ALS Advocacy

ALS Advocacy
Lou Gehrig's Disease - Motor Neuron Disease - Amyotrophic Lateral Sclerosis
Thought it had been cured by now? Still no known cause. Still no cure. Still quickly fatal. Still outrageous.

Wednesday, April 27, 2016

You Had To Be There

On Monday I decided to listen to the webstream of the important FDA Advisory Committee hearing
on Sarepta's eteplirsen for DMD.  You've probably read the news accounts by now, but you had to be there (or at least listening as the drama unfolded) to grasp the significance for ALS.

The FDA's Dr. Woodcock set the stage.  This hearing was about the Accelerated Approval path.  This is important, not only for DMD, but for a lot of quickly fatal diseases with no existing treatments.  She made a comment that she has made before about the significance of making a Type 2 error -- rejecting a therapy that actually works -- with this disease.

In the morning we heard well-designed and polished presentations from the drug developer and investigators.  We got the gist that this stuff was doing something good for a well-defined subset of DMD kids.  We heard about measures.  We learned about what's important in DMD kids' disease progression (a term I hate).  We learned about the logic of the drug's target.  But during question periods, there were FDA Advisory Committee comments constantly dripping into the conversation about this not being a double-blind, placebo controlled trial.  The committee was slipping in boxer's jabs regarding historical controls that really didn't land any individual wallop but were accumulating.

By the afternoon it was the FDA's turn to present, and it was anything but polished or logical to follow, but the discomfort with a trial that did not have a placebo control group kept bleeding through.  There were more jabs about endpoint measures and meaningfulness of the drug target. I kept wondering if this was really about the science and the medicine, or was it all about giving a panel a comfort level with the way they had always made decisions.  Bold they weren't.

And then there were the parents and kids and DMD physicians who got their turn to talk.  The press accounts talk about the emotion they stirred, but it wasn't all emotion.  They spoke to data.  They spoke about their experiences with the drug.  They spoke about what is important to them.  They spoke to looking at the patients in the room and seeing some results.

At the end of the day there were some votes on questions that I guess were supposed to constitute the committee's "advice."  They were difficult questions to grasp as was reflected by the number of abstentions on several.  There was a terrible quality to the voting moments, especially when we heard some of the voters' comments.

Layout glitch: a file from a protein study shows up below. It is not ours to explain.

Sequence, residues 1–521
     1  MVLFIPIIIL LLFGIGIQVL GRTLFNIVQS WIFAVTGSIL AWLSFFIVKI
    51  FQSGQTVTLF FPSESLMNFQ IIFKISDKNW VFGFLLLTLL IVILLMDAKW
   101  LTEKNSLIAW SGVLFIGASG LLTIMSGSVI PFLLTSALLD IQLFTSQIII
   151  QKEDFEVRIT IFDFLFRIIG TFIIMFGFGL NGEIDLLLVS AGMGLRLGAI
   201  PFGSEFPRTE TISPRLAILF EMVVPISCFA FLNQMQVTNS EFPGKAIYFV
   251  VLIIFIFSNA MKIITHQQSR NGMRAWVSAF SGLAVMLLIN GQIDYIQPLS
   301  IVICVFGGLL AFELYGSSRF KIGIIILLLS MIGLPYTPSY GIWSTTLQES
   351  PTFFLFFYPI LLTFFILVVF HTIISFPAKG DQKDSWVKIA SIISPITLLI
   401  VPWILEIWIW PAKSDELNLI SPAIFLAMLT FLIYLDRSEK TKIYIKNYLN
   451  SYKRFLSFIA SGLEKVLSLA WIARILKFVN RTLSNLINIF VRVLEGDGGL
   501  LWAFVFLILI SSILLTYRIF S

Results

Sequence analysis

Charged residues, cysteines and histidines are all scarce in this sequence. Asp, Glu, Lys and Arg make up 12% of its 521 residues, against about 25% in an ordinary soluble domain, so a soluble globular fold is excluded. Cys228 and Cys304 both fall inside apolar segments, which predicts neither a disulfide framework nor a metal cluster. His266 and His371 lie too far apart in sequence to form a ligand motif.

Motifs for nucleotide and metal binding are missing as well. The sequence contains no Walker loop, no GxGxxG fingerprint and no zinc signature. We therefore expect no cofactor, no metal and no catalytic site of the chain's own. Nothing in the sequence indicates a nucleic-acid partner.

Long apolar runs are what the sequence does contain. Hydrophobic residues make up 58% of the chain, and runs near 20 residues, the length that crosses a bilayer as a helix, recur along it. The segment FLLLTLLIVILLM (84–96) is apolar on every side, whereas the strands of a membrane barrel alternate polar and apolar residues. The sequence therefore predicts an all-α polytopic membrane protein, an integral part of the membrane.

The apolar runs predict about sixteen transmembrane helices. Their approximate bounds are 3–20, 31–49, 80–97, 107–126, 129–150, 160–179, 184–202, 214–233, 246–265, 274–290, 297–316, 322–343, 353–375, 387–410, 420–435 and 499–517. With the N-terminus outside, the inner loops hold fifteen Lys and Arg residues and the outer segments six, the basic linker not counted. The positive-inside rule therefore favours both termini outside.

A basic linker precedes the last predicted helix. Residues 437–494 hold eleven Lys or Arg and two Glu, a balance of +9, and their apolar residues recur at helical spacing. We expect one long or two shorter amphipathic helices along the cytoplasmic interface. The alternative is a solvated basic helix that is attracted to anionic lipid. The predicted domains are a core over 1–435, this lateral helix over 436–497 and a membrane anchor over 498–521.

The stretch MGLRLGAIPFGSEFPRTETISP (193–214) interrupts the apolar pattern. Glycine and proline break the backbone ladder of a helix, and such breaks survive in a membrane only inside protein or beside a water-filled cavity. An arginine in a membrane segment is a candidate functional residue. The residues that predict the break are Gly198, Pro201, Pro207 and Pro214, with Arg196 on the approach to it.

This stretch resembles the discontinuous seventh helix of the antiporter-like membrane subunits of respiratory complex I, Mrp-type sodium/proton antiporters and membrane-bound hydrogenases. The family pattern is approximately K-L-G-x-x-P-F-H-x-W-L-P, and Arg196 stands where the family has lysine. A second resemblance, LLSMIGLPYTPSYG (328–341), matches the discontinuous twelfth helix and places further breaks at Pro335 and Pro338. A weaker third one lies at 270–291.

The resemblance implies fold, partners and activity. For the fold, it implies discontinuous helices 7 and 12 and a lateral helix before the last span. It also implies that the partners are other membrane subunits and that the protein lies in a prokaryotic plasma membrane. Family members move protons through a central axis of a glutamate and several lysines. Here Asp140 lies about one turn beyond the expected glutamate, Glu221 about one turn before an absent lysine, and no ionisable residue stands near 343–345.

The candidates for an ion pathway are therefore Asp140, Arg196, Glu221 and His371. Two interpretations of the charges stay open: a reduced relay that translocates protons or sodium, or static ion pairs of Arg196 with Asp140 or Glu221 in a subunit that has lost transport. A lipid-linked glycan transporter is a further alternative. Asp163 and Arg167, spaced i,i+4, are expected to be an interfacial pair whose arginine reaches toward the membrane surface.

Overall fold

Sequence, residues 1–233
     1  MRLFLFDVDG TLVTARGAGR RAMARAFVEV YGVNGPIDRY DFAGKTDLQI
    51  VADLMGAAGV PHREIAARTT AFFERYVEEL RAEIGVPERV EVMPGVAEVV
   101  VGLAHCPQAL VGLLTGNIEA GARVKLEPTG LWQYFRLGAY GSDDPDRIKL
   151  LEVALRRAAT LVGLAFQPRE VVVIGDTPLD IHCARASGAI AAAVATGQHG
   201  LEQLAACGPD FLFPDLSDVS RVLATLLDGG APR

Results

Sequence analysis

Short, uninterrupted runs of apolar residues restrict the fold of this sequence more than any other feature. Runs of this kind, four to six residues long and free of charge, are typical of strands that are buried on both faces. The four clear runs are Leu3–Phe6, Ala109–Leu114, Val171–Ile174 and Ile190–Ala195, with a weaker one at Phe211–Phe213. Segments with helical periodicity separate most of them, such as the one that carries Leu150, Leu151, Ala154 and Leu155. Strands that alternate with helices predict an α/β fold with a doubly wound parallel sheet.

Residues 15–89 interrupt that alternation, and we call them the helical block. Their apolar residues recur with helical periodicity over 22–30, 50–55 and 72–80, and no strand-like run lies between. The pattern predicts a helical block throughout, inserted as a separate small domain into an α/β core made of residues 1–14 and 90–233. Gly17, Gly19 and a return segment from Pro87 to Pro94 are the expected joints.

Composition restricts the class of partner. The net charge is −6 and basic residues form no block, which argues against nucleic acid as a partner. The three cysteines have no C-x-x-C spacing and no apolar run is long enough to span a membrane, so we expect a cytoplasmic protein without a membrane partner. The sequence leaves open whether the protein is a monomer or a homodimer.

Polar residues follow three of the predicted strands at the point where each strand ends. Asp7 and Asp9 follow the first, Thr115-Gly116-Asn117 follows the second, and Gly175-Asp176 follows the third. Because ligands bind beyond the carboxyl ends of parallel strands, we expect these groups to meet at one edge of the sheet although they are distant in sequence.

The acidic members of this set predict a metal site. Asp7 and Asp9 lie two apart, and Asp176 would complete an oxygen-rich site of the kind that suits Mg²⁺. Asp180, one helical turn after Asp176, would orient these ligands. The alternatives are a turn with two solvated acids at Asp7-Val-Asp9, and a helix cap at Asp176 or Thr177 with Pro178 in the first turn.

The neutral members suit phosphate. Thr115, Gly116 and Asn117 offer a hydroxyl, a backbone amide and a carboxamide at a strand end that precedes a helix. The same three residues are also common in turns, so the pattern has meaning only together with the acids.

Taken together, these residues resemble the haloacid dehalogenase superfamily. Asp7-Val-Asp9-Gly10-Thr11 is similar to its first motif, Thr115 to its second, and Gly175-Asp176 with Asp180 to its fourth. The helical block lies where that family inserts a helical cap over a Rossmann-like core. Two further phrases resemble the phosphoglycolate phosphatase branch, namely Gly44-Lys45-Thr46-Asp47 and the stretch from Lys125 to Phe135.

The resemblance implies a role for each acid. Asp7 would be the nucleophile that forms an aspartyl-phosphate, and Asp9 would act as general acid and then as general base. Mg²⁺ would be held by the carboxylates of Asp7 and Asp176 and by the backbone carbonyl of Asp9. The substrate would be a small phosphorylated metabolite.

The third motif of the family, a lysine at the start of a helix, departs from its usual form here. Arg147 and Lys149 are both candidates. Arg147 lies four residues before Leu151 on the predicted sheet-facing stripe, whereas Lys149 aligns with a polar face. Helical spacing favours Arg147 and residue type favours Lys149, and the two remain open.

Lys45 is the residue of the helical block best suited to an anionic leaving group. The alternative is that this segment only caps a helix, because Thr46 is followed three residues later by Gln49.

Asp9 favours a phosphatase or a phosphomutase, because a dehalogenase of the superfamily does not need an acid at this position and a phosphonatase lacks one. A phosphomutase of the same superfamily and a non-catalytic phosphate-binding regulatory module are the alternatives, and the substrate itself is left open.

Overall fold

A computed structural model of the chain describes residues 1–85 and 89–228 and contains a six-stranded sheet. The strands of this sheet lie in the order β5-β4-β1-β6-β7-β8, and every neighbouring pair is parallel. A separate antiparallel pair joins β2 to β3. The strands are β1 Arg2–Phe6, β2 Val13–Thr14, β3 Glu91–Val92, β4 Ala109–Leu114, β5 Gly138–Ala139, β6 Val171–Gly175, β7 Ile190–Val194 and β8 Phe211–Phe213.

The votes reflected MDs who were not comfortable with the historical controls.  They kept saying that historical controls can work, just not these historical controls. The constant drip of discomfort with anything but a double-blind, placebo-controlled trial won.

A wise physician once said to me that you can have all the studies and data in the world, but you have to look at and treat the patient in front of you.  That was certainly missing in the Advisory Committee's comments on their votes.

I'm pretty sure that most everyone in that hearing room felt that the drug was working on some DMD kids and that it was doing no harm.  The data just weren't speaking to it well enough for the FDA to feel comfortable.

There is always a chance that any FDA decision is wrong.  That's a fact. Even the most comfortable ones for them could be wrong.  That's a fact we live with.  Why can't they?  Some there want to be perfectly comfortable in decision-making while people are dying.

The final FDA decision for Sarepta comes in the next month.  It's not looking optimistic, but just maybe some regulator will realize that the odds are that the Type 2 error was made on Monday, and that's devastating for a nasty disease with no effective therapies.

This is a big deal for the fight against ALS.  Accelerated Approval is a path that was designed for diseases like DMD and ALS, yet the FDA does not seem comfortable with it.  DMD has an FDA Guidance document.  Did that make a hill of beans of difference?  Is anyone working on the FDA Guidance draft for ALS (which is modeled closely in process and in content after the DMD document) talking to Sarepta and the DMD groups to find out how a difference in the FDA Guidance document could have changed Monday's results?

It was a difficult, draining day to listen on Monday.  We must learn from it.






Sunday, April 24, 2016

There Is Stunning Loss In 78,000 Empty Chairs

The first time I attended the ALS Advocacy Conference and Day in Washington, DC, it was 2004.  The highlight to me was on the first day.  A women with ALS named Dee Chiplock grilled a presenter from the FDA with some pointed questions and comments.  It was uncomfortable for everyone but Dee.  I was hooked.  This is how we could make a difference with people who hold the ultimate bureaucratic power to make a difference.  It was like flexing our democracy muscles.

The first evening there was a candlelight vigil at the Jefferson Memorial.  There was no press.  There was nothing to let the nearby tourists know why these people had gathered.  We were pretty cloistered.  That seemed like a missed awareness opportunity to me.

At that time I thought how poignant it would have been to have 6,000 empty folding chairs in front of our crowd to represent the Americans lost to ALS in the past year.  Every empty chair would represent somebody's somebody -- a mother, a father, a sibling, a loved friend, a child, a grandparent,...

And the next year there could be 6,000 more including Dee Chiplock's.  And the next year 6,000 more.  In a few years the Mall would be so clogged up with empty chairs that people in Washington would have to pay attention.